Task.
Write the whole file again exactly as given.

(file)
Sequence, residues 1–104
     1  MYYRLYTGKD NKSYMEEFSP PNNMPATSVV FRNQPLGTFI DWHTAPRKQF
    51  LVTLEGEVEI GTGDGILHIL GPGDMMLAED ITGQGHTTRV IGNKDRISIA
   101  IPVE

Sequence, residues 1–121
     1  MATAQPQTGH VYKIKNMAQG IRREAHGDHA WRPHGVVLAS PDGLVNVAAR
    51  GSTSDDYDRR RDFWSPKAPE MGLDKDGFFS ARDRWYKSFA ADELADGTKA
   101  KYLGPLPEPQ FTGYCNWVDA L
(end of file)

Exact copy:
Sequence, residues 1–104
     1  MYYRLYTGKD NKSYMEEFSP PNNMPATSVV FRNQPLGTFI DWHTAPRKQF
    51  LVTLEGEVEI GTGDGILHIL GPGDMMLAED ITGQGHTTRV IGNKDRISIA
   101  IPVE

Sequence, residues 1–121
     1  MATAQPQTGH VYKIKNMAQG IRREAHGDHA WRPHGVVLAS PDGLVNVAAR
    51  GSTSDDYDRR RDFWSPKAPE MGLDKDGFFS ARDRWYKSFA ADELADGTKA
   101  KYLGPLPEPQ FTGYCNWVDA L